Also read Jonathan Cohn’s take:
It is based on the Medicare (and Medicaid) proposal in the most recent Ryan budget, since Romney hasn’t provided sufficient details for making such estimates. The lead author is David Cutler, the Harvard University economist and advisor to Obama during the last presidential campaign. Along with Topher Spiro and Maura Calsyn from the Progress Fund, Cutler crunched the numbers and found that somebody turning 65 now would end up paying about $11,000 in extra retirement costs. Somebody who was still 54 now would pay an extra $59,500. (This chart has the full results.) The CAP Action Fund is a progressive advocacy organization, but Cutler is among the nation’s most respected health economists. And although I can’t vouch for these numbers, the general idea—that even current seniors would pay more in the next few years—seems self-evident.
I’ve had some time to peruse the report and I’d like to clarify something mentioned in the above quote from Cohn. This CAP report specifically refers to Paul Ryan’s FY2013 budget plan. While Mitt Romney had endorsed the house budget earlier this year, since choosing Ryan as his vice-presidential nominee he’s (sorta maybe kinda’) distanced himself from that plan. When asked if choosing Ryan meant a referendum on the House plans for Medicare, Romney responded “Well, I have my budget plan as you know that I’ve put out. And that’s the budget plan that we’re going to run on.” So there’s a easy objection hanging out there about whether any specific numbers based on a plan that the Romney campaign is not actually running on is fair game.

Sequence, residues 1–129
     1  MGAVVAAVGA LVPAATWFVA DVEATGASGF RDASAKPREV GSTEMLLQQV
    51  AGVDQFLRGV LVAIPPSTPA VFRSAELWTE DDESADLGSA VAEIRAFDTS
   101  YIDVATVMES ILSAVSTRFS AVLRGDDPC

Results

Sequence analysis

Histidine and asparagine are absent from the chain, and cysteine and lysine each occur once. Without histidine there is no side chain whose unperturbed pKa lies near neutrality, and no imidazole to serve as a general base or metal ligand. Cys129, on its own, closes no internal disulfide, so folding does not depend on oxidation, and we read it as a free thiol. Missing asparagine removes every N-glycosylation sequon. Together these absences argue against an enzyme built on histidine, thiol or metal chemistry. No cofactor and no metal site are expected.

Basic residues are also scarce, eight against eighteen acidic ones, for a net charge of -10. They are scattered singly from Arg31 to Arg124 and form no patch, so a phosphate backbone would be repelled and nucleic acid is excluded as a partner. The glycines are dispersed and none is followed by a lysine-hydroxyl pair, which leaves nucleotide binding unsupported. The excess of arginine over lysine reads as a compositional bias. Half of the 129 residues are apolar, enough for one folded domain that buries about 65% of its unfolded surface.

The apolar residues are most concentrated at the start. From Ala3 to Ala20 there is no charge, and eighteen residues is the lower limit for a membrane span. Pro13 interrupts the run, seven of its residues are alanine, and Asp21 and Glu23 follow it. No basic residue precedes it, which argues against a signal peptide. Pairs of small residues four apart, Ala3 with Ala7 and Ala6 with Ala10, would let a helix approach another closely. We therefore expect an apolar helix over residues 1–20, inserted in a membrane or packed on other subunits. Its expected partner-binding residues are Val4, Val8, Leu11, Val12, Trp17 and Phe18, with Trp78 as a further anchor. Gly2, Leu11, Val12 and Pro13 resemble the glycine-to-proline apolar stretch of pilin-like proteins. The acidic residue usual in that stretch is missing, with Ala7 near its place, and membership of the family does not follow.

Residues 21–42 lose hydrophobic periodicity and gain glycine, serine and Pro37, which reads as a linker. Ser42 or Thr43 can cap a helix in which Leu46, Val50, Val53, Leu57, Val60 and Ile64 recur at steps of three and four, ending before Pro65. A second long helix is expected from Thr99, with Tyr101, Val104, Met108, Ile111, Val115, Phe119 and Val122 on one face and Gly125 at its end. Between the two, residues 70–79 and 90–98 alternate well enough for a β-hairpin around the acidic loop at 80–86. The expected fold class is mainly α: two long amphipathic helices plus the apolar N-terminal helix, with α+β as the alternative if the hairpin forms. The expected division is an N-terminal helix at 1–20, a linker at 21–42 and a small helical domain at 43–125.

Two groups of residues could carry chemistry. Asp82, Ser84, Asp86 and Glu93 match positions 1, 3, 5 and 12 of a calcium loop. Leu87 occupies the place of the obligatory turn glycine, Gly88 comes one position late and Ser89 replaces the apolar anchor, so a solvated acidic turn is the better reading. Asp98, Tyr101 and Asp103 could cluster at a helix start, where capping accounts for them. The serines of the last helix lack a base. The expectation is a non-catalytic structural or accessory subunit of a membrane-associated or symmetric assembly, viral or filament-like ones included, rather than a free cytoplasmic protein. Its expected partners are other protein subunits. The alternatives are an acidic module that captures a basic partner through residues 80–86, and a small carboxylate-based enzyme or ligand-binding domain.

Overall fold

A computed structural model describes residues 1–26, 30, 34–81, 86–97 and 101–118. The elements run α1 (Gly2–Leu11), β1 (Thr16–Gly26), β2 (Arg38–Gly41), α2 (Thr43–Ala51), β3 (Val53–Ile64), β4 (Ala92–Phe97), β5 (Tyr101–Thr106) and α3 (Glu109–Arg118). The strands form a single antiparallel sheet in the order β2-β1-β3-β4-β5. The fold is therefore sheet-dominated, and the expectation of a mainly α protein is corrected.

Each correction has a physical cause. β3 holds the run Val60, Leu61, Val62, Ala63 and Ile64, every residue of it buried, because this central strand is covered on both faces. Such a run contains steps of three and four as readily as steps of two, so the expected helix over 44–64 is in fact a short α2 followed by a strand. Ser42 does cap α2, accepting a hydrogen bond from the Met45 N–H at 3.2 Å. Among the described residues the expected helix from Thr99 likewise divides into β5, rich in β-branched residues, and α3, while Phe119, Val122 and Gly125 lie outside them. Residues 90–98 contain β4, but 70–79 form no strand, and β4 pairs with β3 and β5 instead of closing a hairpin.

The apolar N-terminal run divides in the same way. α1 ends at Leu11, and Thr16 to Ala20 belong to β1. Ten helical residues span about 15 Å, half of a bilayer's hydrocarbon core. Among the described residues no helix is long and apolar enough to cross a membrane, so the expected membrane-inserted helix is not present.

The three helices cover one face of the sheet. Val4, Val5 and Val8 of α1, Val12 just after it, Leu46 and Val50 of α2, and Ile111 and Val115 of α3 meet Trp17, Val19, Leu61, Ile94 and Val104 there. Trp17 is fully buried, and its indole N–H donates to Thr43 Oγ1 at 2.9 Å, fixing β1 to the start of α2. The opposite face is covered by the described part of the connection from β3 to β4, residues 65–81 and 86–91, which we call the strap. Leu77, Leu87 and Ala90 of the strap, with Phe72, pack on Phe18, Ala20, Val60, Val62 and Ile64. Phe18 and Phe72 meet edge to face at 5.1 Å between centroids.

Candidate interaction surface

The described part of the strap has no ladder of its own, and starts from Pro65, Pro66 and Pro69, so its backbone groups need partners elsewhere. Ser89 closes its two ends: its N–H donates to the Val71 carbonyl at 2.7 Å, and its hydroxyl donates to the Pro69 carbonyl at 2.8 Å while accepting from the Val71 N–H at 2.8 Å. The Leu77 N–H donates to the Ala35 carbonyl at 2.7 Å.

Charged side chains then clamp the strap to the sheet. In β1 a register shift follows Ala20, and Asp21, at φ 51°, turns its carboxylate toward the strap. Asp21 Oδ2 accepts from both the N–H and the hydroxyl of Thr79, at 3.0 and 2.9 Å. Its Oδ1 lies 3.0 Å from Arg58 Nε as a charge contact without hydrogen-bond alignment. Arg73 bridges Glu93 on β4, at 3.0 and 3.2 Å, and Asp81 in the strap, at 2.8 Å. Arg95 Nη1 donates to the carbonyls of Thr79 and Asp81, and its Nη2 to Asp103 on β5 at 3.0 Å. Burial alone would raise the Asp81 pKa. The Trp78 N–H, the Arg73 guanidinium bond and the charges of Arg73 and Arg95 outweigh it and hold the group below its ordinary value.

That being said, Romney’s actual plan is a glorified bullet-point political bucket list. Add to that the fact that there has been messaging that conflicts with Romney’s denial of the house budget — plus his generalized plan for block-granting Medicaid is no different. Given the conditions I don’t think it’s completely out of the question to use the FY2013 budget as an approximation for Romney’s intentions. It’s the closest antecedent without enough meat on the bones to suss out what would actually happen to seniors under a Romney administration.
One last point; the CAP report specifically refers to two aspects of the plan that would affect current seniors:
- Increased drug costs and higher Medicare premiums. By repealing the Affordable Care Act, the Romney-Ryan plan would raise health care costs in retirement by $11,000 for the average person who is 65 years old today.
- Increased long-term care costs, including increased costs for nursing home care, because of cuts to Medicaid. A substantial share of Medicaid spending pays for health care costs for Medicare beneficiaries. The Romney-Ryan Medicaid cuts mean a loss of over $2,500 annually for seniors currently on Medicare who also rely on Medicaid. Unlike the Medicare voucher system that would begin in 2023 the cuts to Medicaid would begin almost immediately.
To the first point there are easy rebuttals. I.e., “I’ll keep the ‘Donut Hole’ in prescription drug coverage closed” and “Competition among the private options in my Medicare plan will keep premiums down.” The counter argument to those statements would be; “How would you pay to keep the it closed (since everything in Romney’s plan would supposedly be ‘budget-neutral)” and “What evidence can you offer that such competition would keep premiums from increasing, given that the most relevant example in Medicare Advantage disproves your assumption?” Here’s hoping someone is willing to ask the Romney team these questions.
To the second point, well, I’ve already argued that block-granting Medicaid would affect current seniors. The only logical response would be to offer a credible alternative to the existing long term care structure in Medicaid — something that health care reformers of all political stripes are very much interested in pursuing. Unfortunately I don’t see that kind of credibility coming from the Romney campaign. Yet without any serious alternatives we’re left with very real cuts in programs that affect the health-vulnerable and vague promises to “not make it too bad.” That is not acceptable to me and it shouldn’t be for anyone else.